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“Oh Sailor beware the Bight of Benin
There’s one as comes out
For a hundred goes in”

(Ancient sailor’s chant)

Cruise the Hamptons on Labor Day weekend and you will get a fair idea of how the money world feels at the start of the school year. The tent at the Hampton Classic horse show in Bridgehampton had a distilled sample of those hedge fund limited partners at the top of the general partners’ calling list, not to mention a number of the general partners themselves.

In between following the riders and horses, you chitchat about your respective intuitions on market direction. What struck me was how much eagerness there was to put money to work.

You would think with the agitation for a strike on Iran, a sinking housing market and talk of coming recession that the rich would want to keep their hands on their wallets.

Hardly – the people I talked to wanted to find some way to go long beta and short volatility, as their risk managers would put it. There may be fear in the headlines but greed is still the driving force.

Some of this can be explained by the dynamics of how institutional money works, what they call agency theory. The general partners of your funds have to keep moving, like those sharks in television documentaries. They have to put money to work, and more has been flooding in the door.

The leveraged buy-out industry estimates for the “overhang” of uninvested funds was up to $143.6bn from $112.3bn at the end of last year.

Apparently, the lack of success of LBO artists in doing many buy-outs this year has only increased their investors’ frenzy for putting assets to work.

Since people seem to need to bet the pay cheque on a horse with a cute name, I’ve decided to come up with a couple of investment ideas for people who laugh at Sharpe ratios and the fiduciary’s duty of care. These are investment ideas for widows and orphans – widows and orphans, that is, whose character would benefit if they were involuntarily shoved out into the workforce. Who knows? They might work.

The Bight of Benin, referred to above, is the Nigerian coast. Of course that was in the old days when what is now Nigeria was a treacherous, fever-ridden, violent place. Now, it’s a place with a stock market that’s done very well this year, a government that’s paid off all but $5bn of its official debt, and a great deal of oil much closer to Europe and the US than the Gulf.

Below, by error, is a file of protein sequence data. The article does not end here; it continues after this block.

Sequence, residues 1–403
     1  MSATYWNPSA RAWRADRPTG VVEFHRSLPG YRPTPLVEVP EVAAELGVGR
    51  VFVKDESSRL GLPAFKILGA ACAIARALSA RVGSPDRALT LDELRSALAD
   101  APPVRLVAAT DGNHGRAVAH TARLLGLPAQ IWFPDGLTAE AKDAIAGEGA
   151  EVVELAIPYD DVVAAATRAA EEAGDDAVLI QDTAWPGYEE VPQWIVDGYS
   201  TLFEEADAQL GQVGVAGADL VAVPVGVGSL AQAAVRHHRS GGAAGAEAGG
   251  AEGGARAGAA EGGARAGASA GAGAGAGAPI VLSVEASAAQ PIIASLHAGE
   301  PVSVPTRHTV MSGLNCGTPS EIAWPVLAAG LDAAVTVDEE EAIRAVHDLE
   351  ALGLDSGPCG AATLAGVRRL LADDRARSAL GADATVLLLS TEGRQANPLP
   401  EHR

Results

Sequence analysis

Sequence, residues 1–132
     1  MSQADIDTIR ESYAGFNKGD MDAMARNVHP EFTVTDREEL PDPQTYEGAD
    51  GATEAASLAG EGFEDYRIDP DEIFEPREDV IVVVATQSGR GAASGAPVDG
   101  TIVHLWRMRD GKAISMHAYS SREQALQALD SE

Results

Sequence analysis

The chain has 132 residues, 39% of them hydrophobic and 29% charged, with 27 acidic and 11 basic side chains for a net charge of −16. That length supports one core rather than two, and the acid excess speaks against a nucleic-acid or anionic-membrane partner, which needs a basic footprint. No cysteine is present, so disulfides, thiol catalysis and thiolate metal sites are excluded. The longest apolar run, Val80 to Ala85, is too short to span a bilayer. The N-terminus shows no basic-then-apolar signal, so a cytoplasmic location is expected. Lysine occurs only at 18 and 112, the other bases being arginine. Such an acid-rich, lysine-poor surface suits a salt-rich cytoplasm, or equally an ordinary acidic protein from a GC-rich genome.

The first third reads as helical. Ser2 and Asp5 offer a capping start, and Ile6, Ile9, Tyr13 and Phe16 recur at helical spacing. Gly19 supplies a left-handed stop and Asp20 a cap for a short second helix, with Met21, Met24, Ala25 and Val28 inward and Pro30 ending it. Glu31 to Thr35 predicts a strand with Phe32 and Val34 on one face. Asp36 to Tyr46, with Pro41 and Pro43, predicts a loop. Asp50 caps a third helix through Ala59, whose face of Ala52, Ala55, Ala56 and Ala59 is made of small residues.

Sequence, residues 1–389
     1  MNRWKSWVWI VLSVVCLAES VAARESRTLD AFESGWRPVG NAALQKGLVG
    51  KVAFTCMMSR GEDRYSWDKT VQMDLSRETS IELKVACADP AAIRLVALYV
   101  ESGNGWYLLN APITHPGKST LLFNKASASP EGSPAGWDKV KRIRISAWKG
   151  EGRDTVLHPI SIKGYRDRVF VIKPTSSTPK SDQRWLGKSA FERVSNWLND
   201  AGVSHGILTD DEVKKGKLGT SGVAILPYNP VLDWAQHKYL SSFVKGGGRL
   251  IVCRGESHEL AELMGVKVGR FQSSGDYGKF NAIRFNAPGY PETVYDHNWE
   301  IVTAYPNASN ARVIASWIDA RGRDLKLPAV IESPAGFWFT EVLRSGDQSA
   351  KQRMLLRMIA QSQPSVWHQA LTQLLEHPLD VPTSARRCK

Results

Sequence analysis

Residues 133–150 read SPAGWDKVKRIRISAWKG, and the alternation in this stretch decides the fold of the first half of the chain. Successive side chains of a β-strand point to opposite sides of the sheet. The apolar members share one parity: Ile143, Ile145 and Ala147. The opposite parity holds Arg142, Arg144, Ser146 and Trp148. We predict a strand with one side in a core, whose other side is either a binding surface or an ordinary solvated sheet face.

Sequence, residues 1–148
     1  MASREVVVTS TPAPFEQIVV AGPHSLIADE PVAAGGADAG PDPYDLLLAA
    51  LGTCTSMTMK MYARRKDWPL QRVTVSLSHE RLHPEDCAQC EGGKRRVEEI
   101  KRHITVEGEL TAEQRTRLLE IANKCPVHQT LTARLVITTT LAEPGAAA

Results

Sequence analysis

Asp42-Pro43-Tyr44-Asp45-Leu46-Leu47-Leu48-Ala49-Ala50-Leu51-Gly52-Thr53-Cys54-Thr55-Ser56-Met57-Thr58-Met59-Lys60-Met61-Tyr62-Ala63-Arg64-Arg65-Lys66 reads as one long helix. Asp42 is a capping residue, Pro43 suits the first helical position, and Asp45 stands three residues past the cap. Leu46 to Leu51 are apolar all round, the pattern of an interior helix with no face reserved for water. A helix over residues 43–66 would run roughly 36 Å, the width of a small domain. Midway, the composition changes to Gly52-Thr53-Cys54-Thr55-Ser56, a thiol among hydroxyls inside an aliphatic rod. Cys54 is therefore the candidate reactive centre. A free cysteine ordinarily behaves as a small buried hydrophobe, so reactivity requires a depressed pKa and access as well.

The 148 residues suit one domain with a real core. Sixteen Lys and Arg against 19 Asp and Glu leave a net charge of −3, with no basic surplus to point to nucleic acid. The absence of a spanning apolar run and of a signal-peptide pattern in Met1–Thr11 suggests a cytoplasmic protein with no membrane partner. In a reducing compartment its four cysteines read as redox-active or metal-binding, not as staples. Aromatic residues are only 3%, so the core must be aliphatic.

Nigeria’s foreign debt was a wonderful plaything for the speculative community. The promissory notes in particular were great. They seemed incredibly risky but the government kept paying on them. The waspish suggested it did so because there were government officials who owned them.

So when Nigeria settled with its creditors, the speculators were bereft. Peter Bartlett, the managing director of Exotix Ltd, the emerging markets brokers in London, has come up with a substitute for those investors of a sporting disposition – Nigerian bank shares. Edgy? Yes, I suppose. And yet so far this year shares in Zenith Bank are up by 48 per cent, and those of Guaranty Trust Bank are up by 41 per cent.

There are Nigerian banks whose share prices haven’t done as well but overall, Mr Bartlett says: “We think the banking sector has potential for very significant growth. The Nigerians have done a very good job of cleaning up corruption and imposed regulation. They have raised minimum capital requirements to $187m, so it’s a very well capitalised sector.”

Exotix calculates that the return on equity for a sample of Nigerian banks is about 25 per cent, and spreads between the cost of funds and lending rates are 500-700 basis points. That’s very attractive. Also, as Mr Bartlett says: “These stocks have been uncorrelated with world markets. They do not fall apart when, for example, Turkey gets into trouble.”

As an African friend says: “This is a very thin market and there is tons of cash that will be chasing this paper. But if you get in early enough, you could make a lot of money.”

For those who prefer to play at lawsuit roulette, I have another binary pay-off idea – notes of Iridium. Iridium the company is no more. Its assets, a global satellite phone network, were purchased by a successor and now all that’s left is a shell with a claim on Motorola, which built the system. The bondholders, other creditors, and the shareholders’ lawyers claim Motorola controlled the company, and so owed a fiduciary duty.

They further argue that its supply and service contracts were unfair to Iridium so Motorola should pay off on the bonds. Motorola denies this. If the bondholders win in court, they should get $4.5bn. If they lose, they get nothing. Right now, the bonds are valued at about $750m. A big decision by the bankruptcy judge but not the final one, will come down in the next few days.

Matthew Dundon, a lawyer and director of Miller Tabak Roberts Securities in New York, has been following this for some time. He thinks it most likely that Motorola will settle with the bondholders on favourable terms.

I’ve followed the Iridium story since the late 1970s and early 1980s. From what I’ve seen Mr Dundon could be right. If he is, you would win big by buying them now. If he’s wrong, you don’t even get those colourful certificates for your bathroom – the notes are all book entry.

And by the way, sell your Russian stocks – I think that’s over now.

johndizard@hotmail.com

Copyright The Financial Times Limited 2017. All rights reserved.
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